In Qualifying, higher camber values definitely still work for peak performance over 2-3 hotlaps. You WILL experience higher braking instability and nervous car behaviour as the tyre moves around more, however there is a big performance gain to be had. If you can handle that increased movement, you will be faster on higher camber values.
This latest V1.8 physics/tyre model feels more understeer biased!?
The big overhaul with V1.8 has drastically altered how you need to drive based on how the new tyre model works. The new model has a much narrower slip angle compared to before, which means that it is far easier to exceed it. Steering angle/input has a much greater impact now on car balance. Over speeding on entry or excessive steering angles will push the new tyre model past the desired slip angle and will generate much more understeer than before.
The new model also has a lot less tolerance to lateral load than before. In V1.7, the tyre would simply slide when laterally overloaded and give you additional rotation when you got back on the throttle. Now in V1.8, when the tyre becomes laterally overloaded it will stop responding and simply the whole car now loses grip. This means when you want to get on to the power with too much steering angle applied you will now get a lot more power understeer or snap oversteer through understeer induction.
My biggest takeaway is PATIENCE. Build the lateral load up of the car more progressively, use the braking phase more to turn and rotate the car and get it straighter earlier so less steering angle is needed. Smooth is fast and aggressive inputs will now be severely punished.
Simple Setup Tricks For Existing Setups on V1.8?
Reduce camber: To improve consistency under braking/reduce the tramlining effect as well as keep tyre temperatures under control over longer stints.
Open your brake ducts: Brakes overheat far easier now on V1.8, make sure to open up the ducts to stop that happening. All existing ducts will no doubt be too low.
Stiffen the front of the car: From testing so far, a lot of the cars now on V1.8 respond well to stiffening the front of the car to improve response. If you feel the front end of the car too lazy now since the update, look at increasing the front ARB/spring rates to build some response back into the car
Play with bumpstops/rake: With V1.8, came a big upgrade as to how bumpstops and their damping effect now works in game. This means in some cases you can afford to run with lower rake, but compensate with a higher bumpstop range and a stiffer bumpstop rate to build pitch into the car more progressively without sacrificing traction.
The other way also works depending on driving style, where you can soften the rates and lower the range, whilst increasing the rake of the car slightly. This bumpstop update offers a big opportunity to fine tune the kerb behaviour at tracks like Suzuka and Zolder. Use these two in combination as a powerful tool to fine tune balance (response/traction).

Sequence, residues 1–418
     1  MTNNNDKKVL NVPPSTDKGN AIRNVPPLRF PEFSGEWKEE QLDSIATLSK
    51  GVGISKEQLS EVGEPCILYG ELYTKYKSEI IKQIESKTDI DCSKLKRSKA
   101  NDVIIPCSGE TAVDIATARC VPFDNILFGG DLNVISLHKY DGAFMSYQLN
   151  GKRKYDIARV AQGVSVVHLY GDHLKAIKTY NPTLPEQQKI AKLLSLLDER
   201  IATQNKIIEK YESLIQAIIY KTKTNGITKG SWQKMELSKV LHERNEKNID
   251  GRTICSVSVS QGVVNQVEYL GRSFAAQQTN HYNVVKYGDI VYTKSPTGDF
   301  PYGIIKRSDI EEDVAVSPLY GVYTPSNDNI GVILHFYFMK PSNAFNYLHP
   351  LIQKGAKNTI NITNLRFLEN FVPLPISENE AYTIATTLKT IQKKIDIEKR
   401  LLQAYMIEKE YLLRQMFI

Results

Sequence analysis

How much is a subscription?
The subscription will be $9.99 a month, to find out more details click here:
How long does a subscription last?
For the duration you have an active subscription, there is no time limit.
What happens when I cancel my subscription?
You will be unable to access your setups in the download section until you resubscribe.
Do I have to buy the new bundles at full price?
No, If you are an existing bundle owner and want to upgrade to the new CDA3 bundles we will offer you a 50% discount when the car bundle is launched.
For example if you currently own the CDA2 Ferrari Evo setups and want to upgrade to CDA3, we will email you a 50% coupon that can be used to upgrade to the new setups.
This coupon will work for tracks and bundles only, we cannot offer a discount on our new subscription plan.
If I am a subscriber, is there a download limit?
Yes there is a download limit of 5 individual track downloads per day, 10 individual downloads per week and a maximum of 30 per month.
How do I access the terms and conditions of the Coach Dave Academy subscription model?
The terms and conditions are situated right here on this page:
Alternatively they can be viewed on the subscription page itself underneath the “subscribe now” button.
How Do I Make My Free Update Suggestions To Existing CDA2 Setups?
We have created a Google Form which allows existing customers to provide detailed descriptions of CDA2 setups that can be eligible for free updates on V1.8. These suggestions will be looked at by our dedicated update team and then hotfix setups released that make the existing philosophy better to drive on V1.8.
To submit these suggestions, please visit the form here:
Is the subscription service linked to previous bundle purchases?
No, the subscription is a separate service to the bundle purchases you have completed individually. If you cancel your subscription your existing separate bundle purchases will stay in your account.
I am having some slight balance issues with my car how can I solve them?
You can find our “fixing Understeeer and Oversteer” blog post right here which gives advice on how to tweak your Coach Dave Academy setup to your personal tastes:
In what order are the existing cars being updated for V1.8 and CDA3 Setups?
The order will be the following:
Ferrari Evo – Done McLaren 720s – Done Porsche 991.2 GT3 R – Done Aston Martin V8 GT3 – Done Mercedes AMG Evo – Done Audi R8 Evo – Done Lamborghini Huracan – Done Bentley – Done Lexus – Done
- Honda – In Progress
Nissan – Done
Where can I find the correct steering rotation for each car?
For those on console where the soft lock feature is not present, you can find all the correct steering rotations for each car right here:
- (BMW M4 GT3 565 degrees)
When will the wet setups for the BMW M4 be completed?
As was the case with the V1.7 CDA2 updates and creating the Mercedes EVO and Ferrari EVO wet setups, the BMW M4 wet setups will be created once all dry CDA3 bundles have been created for existing cars.
Existing wet setups for all the other cars will be tested afterwards and changes made if necessary.
Are you having trouble with your ACC subscription?
We have assembled some tips to fix your subscription right here:
What tyre pressure windows do the new cars in the Challenger DLC use?
The following cars that have been added to the Challenger DLC require the following optimum pressures:
- Ferrari 488 Challenge EVO – 27 psi
- BMW M2 CS Racing – 27 psi
- Lamborghini Super Trofeo ST 2 EVO – 27 psi
- Porsche 992 GT3 Cup Car – 27.6 psi
- Audi R8 GT3 EVO 2 – 27.6 psi
If you continue to have problems, please feel free to ask in the discord.